However, once that end came, the new realities of college basketball hit Turgeon and the Terps right away. The NBA and other college teams took some groceries from the Maryland pantry. Aaron Wiggins turned pro. He’s currently active with the Oklahoma City Thunder. Darryl Morsell transferred to Marquette, where he is averaging 22.5 ppg. Jairus Hamilton transferred to Western Kentucky, where he is averaging 15.3 ppg and grabbing 4.3 rpg. Also gone are seldom used big men Galin Smith to graduation and Chol Marial transferred to Oregon State.
Faced with a depleted roster, Turgeon creatively and agressively used the new rules to his advantage. In one momentous weekend in April, Turgeon got a contract extension and secured commitments from two of the top available college “free agents.” Former Georgetown center Qudus Wahab and former Rhode Island point guard Daron “Fatts” Russell committed to going the Terps.
Whoaaaaa… These are experienced and proven players from programs in highly competitive leagues. Both immediately eligible…
Such moves were impermissible under the pre-2021 college paradigm. Rapid reloading with veteran players from the rosters of other teams is some new era shit. Some coaches, like Turgeon, have proven to be far more nimble and adept than others.
Turgeon would dip into the transfer market a couple more times during the off-season. The Terps secured the services of Ian Martinez, a transfer from Utah and Xavier Green, a graduate student from Old Dominion.
Since these “free agent” commitments were announced, there has been a palpable buzz and sense of anticipation surrounding the Maryland program. On paper, the Terrapins appear to be poised for a deep run in the NCAA tournament. Indeed, Turgeon got everything on his grocery shopping list. He has plugged in an All-Big East level performer at the center spot and an experienced All-A10 guy at point guard. Donta Scott, Eric Ayala and Hakim Hart are proven Big 10 performers.
On paper… Maryland is formidable…
However, meals are not prepared in the grocery store and actual games are not played on paper.
Thus far, the Terps have played five games, all of them in the friendly confines of the Xfinity Center. Maryland opened with a convincing 83-69 win over Quinnipiac. They beat a resilient George Washington squad 71-64. Next, Vermont was knocked off 68-57. Then came defeat…
George Mason came to Maryland and shot 50% (12-24) from behind the 3-point line on the way to upsetting the Terps 71-66. Tonight, Hofstra had 4 players in double figures as they extended the Terps to the wire.
The last 2 or 3 games beg the question: Why hasn’t the “on court” performance of the Terps been commensurate with the “on paper” assessment of this talented bunch? What’s missing?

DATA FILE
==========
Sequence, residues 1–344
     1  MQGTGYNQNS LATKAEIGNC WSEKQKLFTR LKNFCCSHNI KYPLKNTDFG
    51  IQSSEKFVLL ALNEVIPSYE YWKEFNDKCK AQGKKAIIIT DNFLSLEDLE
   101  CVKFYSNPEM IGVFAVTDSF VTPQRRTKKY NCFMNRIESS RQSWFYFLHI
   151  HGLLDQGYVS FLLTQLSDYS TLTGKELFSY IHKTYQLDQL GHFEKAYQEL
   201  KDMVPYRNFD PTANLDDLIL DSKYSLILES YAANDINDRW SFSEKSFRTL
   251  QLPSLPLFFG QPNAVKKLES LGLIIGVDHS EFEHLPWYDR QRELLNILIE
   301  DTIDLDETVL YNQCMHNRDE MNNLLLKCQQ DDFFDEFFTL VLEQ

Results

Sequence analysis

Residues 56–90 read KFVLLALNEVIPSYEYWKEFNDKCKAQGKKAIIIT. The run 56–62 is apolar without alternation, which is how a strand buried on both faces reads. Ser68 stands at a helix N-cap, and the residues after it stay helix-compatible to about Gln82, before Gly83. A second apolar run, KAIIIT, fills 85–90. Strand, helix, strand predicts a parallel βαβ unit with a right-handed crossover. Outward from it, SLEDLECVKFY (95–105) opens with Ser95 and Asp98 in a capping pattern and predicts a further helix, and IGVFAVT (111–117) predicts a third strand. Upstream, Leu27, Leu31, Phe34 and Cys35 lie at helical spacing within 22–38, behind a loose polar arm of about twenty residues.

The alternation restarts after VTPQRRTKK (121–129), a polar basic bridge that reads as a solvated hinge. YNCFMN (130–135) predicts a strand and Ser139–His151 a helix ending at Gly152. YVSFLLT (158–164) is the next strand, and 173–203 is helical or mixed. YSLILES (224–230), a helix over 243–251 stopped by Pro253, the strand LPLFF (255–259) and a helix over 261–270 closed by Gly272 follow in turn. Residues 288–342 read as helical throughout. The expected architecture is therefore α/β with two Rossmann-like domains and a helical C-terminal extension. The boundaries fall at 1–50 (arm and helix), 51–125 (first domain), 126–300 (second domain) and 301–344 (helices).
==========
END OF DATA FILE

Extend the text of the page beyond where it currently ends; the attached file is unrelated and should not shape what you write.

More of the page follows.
Well… from where I sit… The missing ingredient is the “extra pass.”
It’s absence is very noticeable. All too often, the ball comes to an abrupt stop and a low percentage, well-defended shot is attempted. The absence of the extra pass makes the game much more difficult than it has to be. In order to meet the lofty goals attached to this team, the extra pass needs to be found and immediately integrated into the offensive strategy.
Somebody’s gotta find it… and, soon…
At it’s core, the extra pass represents the very essence of team sport. It says “I have a shot, a good shot… a shot no one will complain about… But if I pass, you have a better shot.”
The extra pass is selfless.
The extra pass is contagious.
The extra pass is a winning play.
Bear in mind, the extra pass has been very much present at the Xfinity Center in some of the recent games. Unfortunately, it’s been Maryland’s opponents making effective use of it to get clean looks at 3-point shots. To make matters worse, teams have been knocking them down with alarming regularity resulting in a loss and uncomfortably close wins at home.
Conversely, when Maryland has the ball, the extra pass is glaringly absent. As a result, it’s tougher to get buckets. Easy, open shots are few and far between. For some key Terps, it’s been a struggle to get going on the offensive end.
Eric Ayala is shooting 35.5% overall and 30.3% from the 3-point line, down from 43.7% and 33.7% last season. Donta Scott is shooting 43.2% overall and 31.3% from the 3-point line, down significantly from 49.8% and 43.8% from the 3-point line.
Ain’t gonna win Big 10 games like that… Ain’t gonna get drafted like that…
When they find the extra pass, this Maryland team has a chance to be special.
In addition to facilitating the team goal of winning games, the extra pass will help individual players get where they want to go. For Maryland alums, the goal is the NBA. Aaron Wiggins is in the NBA. Kevin Huerter is in the NBA. Bruno Fernando is in the NBA. Jalen Smith is in the NBA. Of course, Eric Ayala aspires to play in the NBA. Donta Scott wants to play in the NBA. Fatts Russell wants to play in the NBA. Qudus Wahab has NBA aspirations.
Winning Big 10 games, NCAA Tournament games and putting young men in the the professional ranks are not mutually exclusive goals. For this group, the key to accomplishing both is the extra pass. See, for example, Villanova basketball.
The question for Coach Turgeon is: How do you get a group of recently acquired, talented players to understand that the best way to achieve their individual goals is to help their teammates accomplish their goals? Dean Smith did it… John Thompson did it… John Chaney did… Bob Knight did it… Dawn Staley does it… It’s not easy. That’s why they pay those guys 1, 2, and even as much as 3 million per year to figure it out.
Turgeon is a strong recruiter. He has quickly adapted to the rapidly shifting college basketball landscape. He’s one of the best portal shoppers in the game. He knows where to find and how to come home with grade ingredients, no question. Now it’s time to prepare the meal… Can he cook?
Maryland alums and fans are really hungry!
The recruiting was excellent. Now, some good old-fashioned basketball coaching is required to create an unselfish and cohesive unit. The extra pass will definitely be needed to get Maryland through the gauntlet that is the Big 10 regular season and beyond the first weekend on the NCAA tournament.
Preheat the oven to 375 degrees, start Angel’s lil’ brother and let the extra pass bake in…